Saturday 29 August 2015

Dwelling in the land of Nod

There’s a small section in John Steinbeck’s novel East of Eden where he discusses how people in Salinas, California used to think about the future. He writes “The whole valley, the whole West was that way. It was a time when the past had lost its sweetness and sap” (Ch. 15.i). When the 19th century turned into the 20th, these people in the West started to look forward, anticipating the inevitable progress towards which the American dream was leading. They might not know quite when this heaven on earth would arrive but they had hope and faith that it would. It didn’t matter that the dream had not yet been fulfilled, it mattered only that they were tending towards it. Maybe it would even be fulfilled in their own lifetime. “And people found happiness in the future according to their present lack” (Ch. 15.i).

I found this passage by chance in a novel I was reading by chance. I’d just watched again the James Dean film for the first time in years and wanted to see what the book was like. Something struck me when I read these sentences and I spent a few days thinking about why they had caught my attention.

I remember reading about how the SNP organised the independence campaign. They were taught by some American political guru that they must banish all negativity. Alex, Nicola and co. played some sort of game where they had a collection of balls and had to give away one each time they said anything that was not positive. They learned their lesson. I may have mangled the story, but the essence of it is true.

There’s something about these political gurus that I despise. They’ve turned politics into a game which attempts to manipulate the result using human psychology. It turns politics into a sport where what matters is my team winning. But politics must have a purpose beyond mere winning. Otherwise, it becomes a game not worth playing. What matters in the end is not whether Republicans or Democrats win, but how the country is run. The political guru is paid to make his party win even if that were bad for the country, just as a lawyer frequently is paid to get his client off even if he is guilty. This has nothing to do with justice and nothing at all to do with truth.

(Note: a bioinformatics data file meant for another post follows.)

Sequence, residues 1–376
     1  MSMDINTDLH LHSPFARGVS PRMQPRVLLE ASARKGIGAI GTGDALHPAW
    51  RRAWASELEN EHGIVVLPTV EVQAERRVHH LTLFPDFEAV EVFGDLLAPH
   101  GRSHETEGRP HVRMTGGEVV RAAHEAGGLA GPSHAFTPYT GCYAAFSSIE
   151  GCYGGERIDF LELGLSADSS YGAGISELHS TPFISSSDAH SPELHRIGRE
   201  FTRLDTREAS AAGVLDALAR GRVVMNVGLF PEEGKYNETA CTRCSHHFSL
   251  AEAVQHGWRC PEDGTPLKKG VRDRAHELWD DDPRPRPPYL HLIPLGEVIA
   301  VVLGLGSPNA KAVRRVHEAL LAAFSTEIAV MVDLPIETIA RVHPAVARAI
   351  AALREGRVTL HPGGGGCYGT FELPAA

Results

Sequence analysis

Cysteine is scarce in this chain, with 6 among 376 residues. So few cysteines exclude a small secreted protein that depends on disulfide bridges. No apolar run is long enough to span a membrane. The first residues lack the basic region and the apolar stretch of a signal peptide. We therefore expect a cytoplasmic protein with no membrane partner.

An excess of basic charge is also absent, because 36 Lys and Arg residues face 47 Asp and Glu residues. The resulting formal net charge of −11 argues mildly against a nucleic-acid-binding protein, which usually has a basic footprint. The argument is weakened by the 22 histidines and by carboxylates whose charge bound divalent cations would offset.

In Scotland we were faced with a debate about the future of our country. No more important decision can be made than breaking up a nation state that has withstood so much throughout the course of its history. The result should not be influenced by political trickery. Let us banish all gurus, especially those who couldn’t care less about Scotland so long as they are paid. The future of Scotland should not be determined by balls as if it were some sort of lottery. It’s not about creating a populist mood. It’s not about manipulating psychology. Rather, it’s about decisions that will affect all of our lives in ways we can hardly guess at. Let us at least be a little serious about how we decide such questions. Let us focus on issues of substance. If what I say is true, it ought to matter not one little bit if some people find it negative. Truth sometimes is negative and it is simply childish to try to avoid it as if reality dare not impede the dreams of nationalists.

But this is not where we are in Scotland. Nothing must interfere with our dreams. What Steinbeck showed in his novel is the power of hope, the power of the idea that life will get better, maybe not for me, but for those who come after me. This is compelling particularly for those who lack something now. Most importantly, the mere idea that the future will be better makes these people happier now, just because they hope that in time their dream will come to pass. The anticipation can sometimes even be better than the thing anticipated. Who has not looked forward to a trip, only to be disappointed with the reality? As long as the goal is in the future, reality need not impede the dream. This was the power of the SNP campaign. All they had to do was present people with hope and this hope made those, especially with a present lack, happier. The problem with this method of campaigning, however, is that it doesn’t depend on truth and is immune to counter argument.  

People in California over a hundred years ago dreamt of how untold riches would come to the valley of Salinas. They thought of how progress would end all the hardships they had to endure at present. Anyone pointing out difficulties was just being negative. Such comments were wholly unwelcome, even un-American as they went counter to the American dream.